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Re: CDNP naming
good post, please see my remarks below.
Phil Rzewski wrote:
> Now, doing a meticulous reading of [draft-day-cdnp-model-02], I get
> the impression that perhaps there's an attempt to categorize Access
> Provider cache deployments as being a degenerate form of CDN, but I
> think this might be a mistake because it would create a disconnect
> between industry terminology (which was established first) and
> standards terminology.
I do agree with you here. I think we should be setting the terms right
from the start. This should be done even if we spend some time on it in
In a previous post, I did raise the point of having QOS of peered
networks. This stems from the fact that not all CDNs are created
> I'll try to pick apart each term:
> As I had stated previously, I am nervous by the fact that industry has
> already defined the term CDN quite strongly. I'll name names to make
> this perfectly clear: Networks operated by Akamai and Digital Island
> have most surely come to be known as CDNs... I hope nobody from
> Akamai, Digital Island, industry analysts, or anyone else would
> dispute that. Meanwhile, networks operated by AOL and Prodigy most
> certainly are not currently known as CDNs... and I have a sense that
> people from those companies, industry analysts, and others would like
> to avoid creating any confusion around that. I'm particularly
> sensitive to this one because, as the day comes when a formal name
> might be assigned to an IETF WG, I fear that a WG with "CDN" in the
> title would imply either: 1) The group only would work on topics
> relevant to networks that are today known as CDNs, or, 2) The group
> would work on topics relevant to multiple types of peered content
> networks, and would therefore be on a crusade to redefine the term
> "CDN". I would personally like to avoid seeing either of these.
> Mark Day mentioned to me that this group originally titled their work
> as being in "Content Peering", but switched to "CDN Peering" for
> reasons like the ones that Fred Douglis stated. However, as he pointed
> out jokingly, nobody's ever 100% sure if the "D" in CDN stands for
> "Delivery" or "Distribution". Indeed, to take this a step further, the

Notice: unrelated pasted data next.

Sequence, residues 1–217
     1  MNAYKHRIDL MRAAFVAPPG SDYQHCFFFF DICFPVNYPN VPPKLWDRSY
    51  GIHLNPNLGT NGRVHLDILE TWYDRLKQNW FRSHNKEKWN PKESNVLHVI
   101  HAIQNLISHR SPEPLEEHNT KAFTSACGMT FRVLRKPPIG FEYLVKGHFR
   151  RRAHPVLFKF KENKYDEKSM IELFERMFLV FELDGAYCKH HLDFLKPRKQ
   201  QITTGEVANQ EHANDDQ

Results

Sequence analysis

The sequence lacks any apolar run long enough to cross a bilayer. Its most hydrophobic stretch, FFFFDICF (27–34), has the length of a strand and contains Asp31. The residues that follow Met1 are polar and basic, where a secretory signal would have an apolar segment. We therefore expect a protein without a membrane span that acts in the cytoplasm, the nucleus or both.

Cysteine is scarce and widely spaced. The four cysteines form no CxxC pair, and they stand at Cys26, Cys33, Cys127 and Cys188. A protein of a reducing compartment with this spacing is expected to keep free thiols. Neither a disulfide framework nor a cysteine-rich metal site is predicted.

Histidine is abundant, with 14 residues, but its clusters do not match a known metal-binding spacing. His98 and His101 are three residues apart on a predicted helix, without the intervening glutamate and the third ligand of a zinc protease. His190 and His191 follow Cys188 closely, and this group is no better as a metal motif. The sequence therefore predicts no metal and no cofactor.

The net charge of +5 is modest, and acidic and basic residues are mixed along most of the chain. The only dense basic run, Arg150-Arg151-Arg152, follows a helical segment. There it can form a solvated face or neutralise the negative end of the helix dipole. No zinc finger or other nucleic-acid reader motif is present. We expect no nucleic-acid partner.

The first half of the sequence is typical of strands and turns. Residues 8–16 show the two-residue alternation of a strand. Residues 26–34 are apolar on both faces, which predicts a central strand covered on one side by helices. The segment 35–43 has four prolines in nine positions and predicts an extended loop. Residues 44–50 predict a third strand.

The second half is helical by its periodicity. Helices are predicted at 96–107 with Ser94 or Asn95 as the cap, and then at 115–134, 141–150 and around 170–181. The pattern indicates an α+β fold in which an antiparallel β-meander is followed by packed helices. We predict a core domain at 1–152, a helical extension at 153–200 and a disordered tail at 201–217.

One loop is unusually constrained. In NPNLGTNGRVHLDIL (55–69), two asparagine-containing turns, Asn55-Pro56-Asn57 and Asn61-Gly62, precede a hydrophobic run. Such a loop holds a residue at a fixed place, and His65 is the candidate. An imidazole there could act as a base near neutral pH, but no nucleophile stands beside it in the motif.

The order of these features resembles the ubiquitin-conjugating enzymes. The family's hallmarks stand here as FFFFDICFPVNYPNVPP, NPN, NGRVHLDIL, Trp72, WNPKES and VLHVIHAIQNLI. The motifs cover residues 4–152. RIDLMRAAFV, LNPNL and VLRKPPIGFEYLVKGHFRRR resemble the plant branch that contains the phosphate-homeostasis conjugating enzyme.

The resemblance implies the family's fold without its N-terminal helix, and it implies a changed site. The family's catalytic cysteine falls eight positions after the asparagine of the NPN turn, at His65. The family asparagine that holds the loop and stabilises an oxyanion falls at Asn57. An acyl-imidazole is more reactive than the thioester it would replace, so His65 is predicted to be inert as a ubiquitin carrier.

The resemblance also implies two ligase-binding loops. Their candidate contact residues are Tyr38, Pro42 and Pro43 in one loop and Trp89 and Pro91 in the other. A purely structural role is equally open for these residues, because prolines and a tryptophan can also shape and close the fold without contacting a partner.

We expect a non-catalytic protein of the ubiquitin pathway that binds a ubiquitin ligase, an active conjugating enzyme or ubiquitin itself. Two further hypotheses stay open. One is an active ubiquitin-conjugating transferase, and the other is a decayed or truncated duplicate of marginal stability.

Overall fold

> CDNP drafts talk about peering of entities that, say, only do
> Accounting. So they're not doing any "D" of either kind... but I do
> think those accounting entities certainly belong in the drafts.
Here I may add (in a joking manner) that the "D" might also stand for
Delay. This is because the current proposed senarios for direction are
not content aware. The peered networks are basically directing requests
to some surrogates hoping that it best suits the client and crossing
their fingures that the surrogate has the requested data.
The point here, is removing the "D" in the name would not be such a bad
> - Rather than just say "Content", say "Content Layer". That is,
> "Content Layer Peering" or "Content Layer Internetworking". Granted,
> there's no such thing as the "Content Layer" in OSI, but I think we
> may agree that we're seeing the emergence of "overlay" technologies
> that all assume they begin life at the upper layers of the OSI stack.
> Therefore, if we consider the Content Layer as an abstract place where
> all the protocols reside that are potentially used for distribution,
> delivery, accounting, & injection of content, then Content Layer
> Peering would be the cross-network functionality of systems that
> operate in that layer.
> - I see a few alternatives for "CDN". My preference would be to come
> up with a more general name for the purpose of the higher-level
> drafts. Once again, dropping the "D" makes room for things like
> networks that only do Accounting. One way to do this would be to just
> use the term "Content Networks": A network that somehow "does stuff"
> with content. That way, things like ISPs' farms of forward proxies are
> also "Content Networks", and if they peer with a CDN to get content
> signals (e.g. invalidations), they're participating under the model.
> If you want to be able to cover accounting, distribution, delivery, &
> more all in one term, where's the shame in being general? OR, if you
> want to talk specifically about Content Networks that wanna do stuff
> across administrative boundaries, then you could augment the ones from
> the last bullet to make terms like "Content Layer Internetworking
> Entities", or "Content Layer Peering Entities". These seem too wordy
> to me though. I'd vote for "Content Networks".
Here I agree with you again.
One possibility would be the use of Conetnt Aware Internetworking.
I think by setting up the right names/criteria, then it would be
feasible to have an umberalla working group that oversee the work of
Each sub-group has very clear mission and focus.
Here, I would suggest that the discussion in BOF include the creation of
working group that handels what is called "Vertical Peering" .
org:Nortel Networks;613 763 5229
fn:Abbie Barbir, Ph.D.